Their purpose, they say, is to change the relationship of the author & consumer.  For example, they are aggregating all the material out there about William Styron (ie. working with Duke to digitize his papers, posting old audio clips, creating “premium” content like a documentary with the help of his daughters, etc.), all to bring Styron’s work to a new audience.

But can they seriously make money?  How many eyeballs can a well-crafted (and expensive) doc that is posted online really attract?   There’s already been a fair amount of controversy over the company, before it even really gets content out there.  Read this NYT op-ed and this article about the possible legal nastiness in publishing.

P.S. at eBook I also interviewed my old friend, the BBC’s Katty Kay (see the picture above)…she mentioned a crazy stat: her husband’s book was launched in the UK on Oct. 1- one of 800(!) titles that were released that same day. Yikes. Between the pay, the market, and the competition, getting a book out just doesn’t hold the same cache for journalists that it used to.

Posted in BBC, Books, conferences, media, mediabistro, new york times, video ideas
Tagged , , , , ,

Hot Women in Media

Katty
Katty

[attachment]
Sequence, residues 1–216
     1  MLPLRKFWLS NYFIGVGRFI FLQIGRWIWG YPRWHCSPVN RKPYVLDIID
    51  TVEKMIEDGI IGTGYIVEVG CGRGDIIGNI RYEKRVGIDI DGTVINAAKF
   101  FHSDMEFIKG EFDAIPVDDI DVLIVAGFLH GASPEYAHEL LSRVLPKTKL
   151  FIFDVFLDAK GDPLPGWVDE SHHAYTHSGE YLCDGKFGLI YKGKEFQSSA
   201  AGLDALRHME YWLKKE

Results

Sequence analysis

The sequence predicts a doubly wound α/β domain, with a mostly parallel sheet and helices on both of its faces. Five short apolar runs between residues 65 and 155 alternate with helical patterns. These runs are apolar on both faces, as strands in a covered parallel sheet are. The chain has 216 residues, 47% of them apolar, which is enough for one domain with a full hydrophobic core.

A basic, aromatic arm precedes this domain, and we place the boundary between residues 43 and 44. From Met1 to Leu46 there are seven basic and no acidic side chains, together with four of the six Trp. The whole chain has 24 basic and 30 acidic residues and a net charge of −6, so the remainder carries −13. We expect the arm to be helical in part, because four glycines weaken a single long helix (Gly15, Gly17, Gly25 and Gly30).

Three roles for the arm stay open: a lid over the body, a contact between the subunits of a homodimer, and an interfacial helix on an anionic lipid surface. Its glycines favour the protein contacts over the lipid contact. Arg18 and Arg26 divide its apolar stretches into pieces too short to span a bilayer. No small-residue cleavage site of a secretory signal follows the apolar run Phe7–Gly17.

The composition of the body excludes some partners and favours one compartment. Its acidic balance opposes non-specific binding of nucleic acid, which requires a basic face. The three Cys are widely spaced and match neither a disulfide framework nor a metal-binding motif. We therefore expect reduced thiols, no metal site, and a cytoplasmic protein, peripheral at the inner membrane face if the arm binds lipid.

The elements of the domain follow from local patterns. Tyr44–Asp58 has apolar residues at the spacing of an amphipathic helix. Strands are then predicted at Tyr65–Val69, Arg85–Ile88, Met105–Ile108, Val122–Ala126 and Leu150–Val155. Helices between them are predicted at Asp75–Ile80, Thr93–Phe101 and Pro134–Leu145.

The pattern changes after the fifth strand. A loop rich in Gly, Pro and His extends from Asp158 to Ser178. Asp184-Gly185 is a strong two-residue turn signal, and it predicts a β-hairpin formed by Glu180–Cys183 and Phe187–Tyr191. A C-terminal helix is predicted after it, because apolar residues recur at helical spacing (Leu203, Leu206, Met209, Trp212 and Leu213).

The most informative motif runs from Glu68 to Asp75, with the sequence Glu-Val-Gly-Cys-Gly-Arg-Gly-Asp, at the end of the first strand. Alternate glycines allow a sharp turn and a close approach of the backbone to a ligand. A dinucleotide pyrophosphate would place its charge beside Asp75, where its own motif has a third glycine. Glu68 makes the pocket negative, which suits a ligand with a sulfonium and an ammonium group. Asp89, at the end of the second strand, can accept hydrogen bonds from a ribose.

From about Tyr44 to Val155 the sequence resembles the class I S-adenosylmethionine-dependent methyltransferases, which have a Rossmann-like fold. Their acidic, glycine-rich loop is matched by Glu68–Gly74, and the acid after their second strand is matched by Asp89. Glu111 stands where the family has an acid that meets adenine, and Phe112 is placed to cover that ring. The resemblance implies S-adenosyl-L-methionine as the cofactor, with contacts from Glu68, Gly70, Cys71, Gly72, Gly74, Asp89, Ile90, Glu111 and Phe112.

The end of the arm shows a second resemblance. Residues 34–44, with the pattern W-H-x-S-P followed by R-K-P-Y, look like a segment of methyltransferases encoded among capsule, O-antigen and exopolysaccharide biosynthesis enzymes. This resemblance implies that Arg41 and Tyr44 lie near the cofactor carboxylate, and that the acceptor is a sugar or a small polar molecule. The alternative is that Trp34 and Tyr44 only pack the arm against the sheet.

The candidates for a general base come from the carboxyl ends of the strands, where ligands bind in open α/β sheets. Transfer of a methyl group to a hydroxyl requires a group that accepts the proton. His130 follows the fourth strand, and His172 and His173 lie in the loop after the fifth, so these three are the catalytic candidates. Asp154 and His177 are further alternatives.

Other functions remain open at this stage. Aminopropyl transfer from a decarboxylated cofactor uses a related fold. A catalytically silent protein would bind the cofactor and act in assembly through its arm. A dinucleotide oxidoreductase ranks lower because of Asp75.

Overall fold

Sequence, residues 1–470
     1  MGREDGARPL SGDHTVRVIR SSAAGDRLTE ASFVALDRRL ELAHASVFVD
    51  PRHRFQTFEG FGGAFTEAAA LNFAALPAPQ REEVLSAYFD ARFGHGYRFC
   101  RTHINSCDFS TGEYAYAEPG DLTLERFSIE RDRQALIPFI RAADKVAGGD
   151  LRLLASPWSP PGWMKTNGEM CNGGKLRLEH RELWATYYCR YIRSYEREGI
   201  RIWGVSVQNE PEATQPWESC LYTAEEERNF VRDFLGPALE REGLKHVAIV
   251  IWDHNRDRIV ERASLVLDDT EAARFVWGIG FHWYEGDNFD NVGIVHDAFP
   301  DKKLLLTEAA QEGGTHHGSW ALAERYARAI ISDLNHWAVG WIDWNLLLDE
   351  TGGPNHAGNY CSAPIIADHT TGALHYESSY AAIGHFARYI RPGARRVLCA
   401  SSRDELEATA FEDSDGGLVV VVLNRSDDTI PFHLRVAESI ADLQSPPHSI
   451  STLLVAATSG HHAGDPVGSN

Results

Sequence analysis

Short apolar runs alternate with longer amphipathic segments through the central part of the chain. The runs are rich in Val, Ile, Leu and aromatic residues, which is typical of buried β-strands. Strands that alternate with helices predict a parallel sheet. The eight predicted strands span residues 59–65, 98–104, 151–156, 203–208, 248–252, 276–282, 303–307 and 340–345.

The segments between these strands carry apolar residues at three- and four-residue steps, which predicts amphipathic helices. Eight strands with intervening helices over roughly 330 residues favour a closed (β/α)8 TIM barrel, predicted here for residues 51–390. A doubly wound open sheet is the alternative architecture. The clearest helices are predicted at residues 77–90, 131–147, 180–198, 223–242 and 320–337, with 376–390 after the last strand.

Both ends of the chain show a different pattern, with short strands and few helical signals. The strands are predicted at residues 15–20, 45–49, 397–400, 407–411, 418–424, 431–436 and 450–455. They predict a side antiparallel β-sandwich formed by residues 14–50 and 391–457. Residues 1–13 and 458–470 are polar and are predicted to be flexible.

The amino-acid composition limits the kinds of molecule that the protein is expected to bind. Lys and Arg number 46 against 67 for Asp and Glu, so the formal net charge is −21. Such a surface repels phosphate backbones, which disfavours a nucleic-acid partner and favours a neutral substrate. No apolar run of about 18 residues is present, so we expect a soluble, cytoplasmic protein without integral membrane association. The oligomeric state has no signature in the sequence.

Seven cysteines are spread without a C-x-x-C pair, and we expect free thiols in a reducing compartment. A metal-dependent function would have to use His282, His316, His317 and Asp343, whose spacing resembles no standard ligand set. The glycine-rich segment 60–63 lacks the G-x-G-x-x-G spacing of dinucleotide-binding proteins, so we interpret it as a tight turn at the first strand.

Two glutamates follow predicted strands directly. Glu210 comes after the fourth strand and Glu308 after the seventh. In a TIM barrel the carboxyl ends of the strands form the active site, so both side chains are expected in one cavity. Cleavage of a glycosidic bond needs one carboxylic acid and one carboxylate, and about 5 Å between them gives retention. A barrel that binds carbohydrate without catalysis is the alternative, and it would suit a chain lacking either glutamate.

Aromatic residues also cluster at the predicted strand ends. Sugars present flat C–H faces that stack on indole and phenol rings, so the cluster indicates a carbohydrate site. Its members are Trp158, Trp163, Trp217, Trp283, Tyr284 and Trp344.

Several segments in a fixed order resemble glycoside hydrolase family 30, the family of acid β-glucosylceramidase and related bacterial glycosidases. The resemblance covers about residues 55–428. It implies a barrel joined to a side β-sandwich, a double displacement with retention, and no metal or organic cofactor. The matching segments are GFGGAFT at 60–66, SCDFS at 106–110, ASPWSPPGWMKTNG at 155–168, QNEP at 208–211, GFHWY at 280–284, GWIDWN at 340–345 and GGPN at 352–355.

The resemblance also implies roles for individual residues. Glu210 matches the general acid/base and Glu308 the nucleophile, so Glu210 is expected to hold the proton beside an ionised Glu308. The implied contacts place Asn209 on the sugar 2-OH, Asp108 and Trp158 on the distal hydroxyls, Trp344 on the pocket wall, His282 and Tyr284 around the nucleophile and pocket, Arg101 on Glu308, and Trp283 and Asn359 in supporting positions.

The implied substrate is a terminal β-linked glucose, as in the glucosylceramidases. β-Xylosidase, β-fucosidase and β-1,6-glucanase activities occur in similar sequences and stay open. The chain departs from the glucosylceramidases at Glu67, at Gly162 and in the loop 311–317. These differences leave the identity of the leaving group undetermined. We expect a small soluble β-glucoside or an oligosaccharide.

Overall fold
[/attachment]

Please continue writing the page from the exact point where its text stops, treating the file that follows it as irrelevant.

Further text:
Alex
Alex

I haven’t told my friend Katty Kay that she looks like Alex from The Desperate Housewives (seriously, don’t they look alike?).  I spied Alex at the sandbox in Cobble Hill a few weeks back.  And yes, we were with our kids.

Katty’s book Womenomics is now #5 on Amazon’s Women & Business list.  She wrote it with ABC correspondent Claire Shipman.  I was Katty’s producer in the nineties when she first started reporting from the US for the BBC in Washington.

Her book is about getting the career you’ve always wanted without sacrificing your life.  It applies mostly to corporate lasses…and I have to say, the freelance/consultant model is working better for a lot of us.   I went and joined Katty backstage when she appeared on Colbert in June (watch it here, he was such a pushover for a strawberry blonde Brit!)…and went to Diane von Furstenberg’s studio that night for the book party.  Very entertaining to watch the mainstream media machine move into place to support its own.  Almost everyone I spoke to was looking over my shoulder to see if there was someone better else to talk to…not that I took it personally!

Speaking of women in mainstream media, Forbes recently posted its Most Influential Women in Media list.  Only surprise on there was Dooce.

Posted in BBC, Books, fancy friends, jobs, media tips
Tagged , , , , , , ,